Lee Westwood embraces pressure as he aims to become oldest Masters winner
There are interesting anniversaries in play and an uncanny similarity as Lee Westwood seeks to break Jack Nicklaus’ record as the oldest Masters Tournament champion.
If the Englishman does it, it would come on the 35th anniversary of Nicklaus winning the Masters at age 46. This is the 20th Masters for Westwood, who turns 48 on April 24.
And, in a coincidence, when Nicklaus won the 1986 Masters, he had his son Jack II on his bag. Westwood’s son Sam, 19, will be carrying the bag for his father for the first time in the Masters this week.
“Even without that (connection, of having his son on the bag), Jack has always been an inspiration the way he played the game, especially his record around here,” Westwood said on Tuesday. “You can't help being inspired. There's a few similarities there with age. It would be great to break his record.”
There’s no question Westwood can do it. He won the European Tour’s Race to Dubai season-long points title last year, has a stellar record in the Masters -- two runner-up finishes among his six top-10s -- and is in fine form with back-to-back runner-up finishes in the Arnold Palmer Invitational and the Players Championship in March.
Photos: Tuesday at the Masters
A 25-time winner on the European Tour, Westwood is ranked No. 20 in the world this week. He was the world’s top-ranked player for 22 weeks in 2009-2010.
“Maybe I don't play as well as often anymore, but when I do play well, I tend to contend, and, you know, with the work I've done on the mental side of the game, I feel a lot more comfortable out there,” Westwood said.
“I heard Jordan Spieth say something last week about he feels comfortable under pressure again and he's enjoying being under pressure and he can cope with it,” Westwood said. “And that's how I feel when I do get into the heat of battle and close to the lead; I feel comfortable again. That's a big part of it too, I think.”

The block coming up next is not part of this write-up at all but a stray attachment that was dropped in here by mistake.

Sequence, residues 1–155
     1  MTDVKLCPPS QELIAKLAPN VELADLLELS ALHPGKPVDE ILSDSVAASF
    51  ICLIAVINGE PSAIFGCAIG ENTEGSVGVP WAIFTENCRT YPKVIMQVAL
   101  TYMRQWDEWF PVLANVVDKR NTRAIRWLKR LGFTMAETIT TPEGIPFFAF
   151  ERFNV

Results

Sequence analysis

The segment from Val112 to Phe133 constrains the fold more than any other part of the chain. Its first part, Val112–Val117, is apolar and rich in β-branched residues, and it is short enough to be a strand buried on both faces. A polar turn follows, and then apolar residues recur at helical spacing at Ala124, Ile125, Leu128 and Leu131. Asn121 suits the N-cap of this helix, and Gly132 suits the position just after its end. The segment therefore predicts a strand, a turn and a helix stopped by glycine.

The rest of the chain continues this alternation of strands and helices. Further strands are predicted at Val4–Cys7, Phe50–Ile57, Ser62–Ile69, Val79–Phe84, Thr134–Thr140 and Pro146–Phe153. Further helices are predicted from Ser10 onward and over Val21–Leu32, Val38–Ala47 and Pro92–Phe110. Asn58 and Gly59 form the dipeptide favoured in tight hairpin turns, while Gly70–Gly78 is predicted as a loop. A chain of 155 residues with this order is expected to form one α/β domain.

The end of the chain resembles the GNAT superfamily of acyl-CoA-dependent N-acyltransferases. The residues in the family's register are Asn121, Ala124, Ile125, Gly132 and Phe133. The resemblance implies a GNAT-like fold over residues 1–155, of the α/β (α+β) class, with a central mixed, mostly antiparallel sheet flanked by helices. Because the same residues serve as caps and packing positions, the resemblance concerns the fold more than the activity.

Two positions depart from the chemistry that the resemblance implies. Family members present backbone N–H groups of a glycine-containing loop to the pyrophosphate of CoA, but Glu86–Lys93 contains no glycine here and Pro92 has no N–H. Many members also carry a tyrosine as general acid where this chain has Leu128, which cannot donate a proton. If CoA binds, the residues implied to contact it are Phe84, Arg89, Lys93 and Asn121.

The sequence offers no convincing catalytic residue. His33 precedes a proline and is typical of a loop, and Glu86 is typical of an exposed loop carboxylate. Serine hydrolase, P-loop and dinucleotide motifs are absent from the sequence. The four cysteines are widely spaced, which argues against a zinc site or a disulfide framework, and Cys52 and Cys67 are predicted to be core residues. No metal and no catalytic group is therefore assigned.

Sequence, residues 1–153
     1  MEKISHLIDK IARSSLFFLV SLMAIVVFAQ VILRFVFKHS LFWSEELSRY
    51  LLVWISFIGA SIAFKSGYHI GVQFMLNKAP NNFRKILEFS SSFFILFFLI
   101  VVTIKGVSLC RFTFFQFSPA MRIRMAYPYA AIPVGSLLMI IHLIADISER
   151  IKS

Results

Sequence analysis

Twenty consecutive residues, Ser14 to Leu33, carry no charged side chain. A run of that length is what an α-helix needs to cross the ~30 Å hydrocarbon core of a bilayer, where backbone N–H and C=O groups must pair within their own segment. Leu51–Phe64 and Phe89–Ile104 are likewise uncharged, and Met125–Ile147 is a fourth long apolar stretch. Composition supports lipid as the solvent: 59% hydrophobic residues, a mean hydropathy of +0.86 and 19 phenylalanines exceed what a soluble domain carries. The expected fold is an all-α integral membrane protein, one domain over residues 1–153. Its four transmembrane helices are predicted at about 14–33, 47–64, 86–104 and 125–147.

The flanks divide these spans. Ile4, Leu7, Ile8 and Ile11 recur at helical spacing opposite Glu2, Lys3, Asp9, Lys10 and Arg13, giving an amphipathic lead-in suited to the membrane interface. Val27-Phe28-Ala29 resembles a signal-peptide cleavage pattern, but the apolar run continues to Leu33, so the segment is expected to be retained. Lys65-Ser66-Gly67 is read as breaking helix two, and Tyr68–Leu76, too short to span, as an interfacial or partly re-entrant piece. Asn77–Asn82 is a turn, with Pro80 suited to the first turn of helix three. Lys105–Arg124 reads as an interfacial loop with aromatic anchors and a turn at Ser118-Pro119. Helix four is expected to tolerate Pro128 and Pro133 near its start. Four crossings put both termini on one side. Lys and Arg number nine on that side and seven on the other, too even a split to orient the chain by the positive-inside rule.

If Westwood does win this week, he will not only be the oldest champion but he will set a record for the most attempts before finally slipping on the green jacket. Sergio Garcia has the record at 19, set in 2017.
“Well, I've always loved Augusta National,” Westwood said. “I saw that it's my 20th time here, and I still remember the first time I came here like it was yesterday, really. It's such a special place, traditions. And you feel fortunate to drive down Magnolia Lane, and it's always special.
Lee Westwood Masters Record
“The walk, I think the walk over the 11th down the hill seeing the 12th chills down my spine just to see Amen Corner in the distance there. It's a very special place.”
Westwood tied for 38th place in the November Masters, but he doesn’t consider that a normal test because of the fall date and softer course.
He will be in the spotlight no matter what he does in Thursday’s first round since he’s one of the players paired with defending champion Dustin Johnson. They go off at 10:30 a.m.
“As for expectations, I don't really have any, but I don't really have any at any tournaments I turn up to anymore,” he said. “I just put the preparation in, hit it off the first tee and try and find it and hit it on the green, and hopefully hit it on the green and have a birdie chance and make a few of those. After that, it's in the lap of the gods, really.”
No matter what happens, Westwood will always remember this was the Masters with his son by his side for every shot.
“It's amazing that I'm old enough to have my son on the bag and still be competing in these tournaments, and having Sam here to enjoy the experience with me,” Westwood said. “I have to close his mouth every now and again when we're going around here; he loves it so much.”
Westwood and his son took a two-day Augusta National scouting trip in mid-March, playing 18 holes in back-to-back days from the back tees.
“It's a special place, and to get to share it with Sam was amazing,” Westwood said. “I set him a target of 86 the first day. I think he shot 87 the first day, but he had had a practice round then and kind of got a feel for the place.”
The next morning, Westwood set a goal of 83 for his son.
“It was cold,” Westwood said. “It was 45 degrees and windy, and the greens were fast, and he doubled 16 to go 10-over, and then he bogeyed 17 to go 11-over, and then he chipped in from short right on the last for a 3 to shoot 82. So he took the $20 that morning, and he's never stopped talking about it since. He tells everybody about his chip-in.”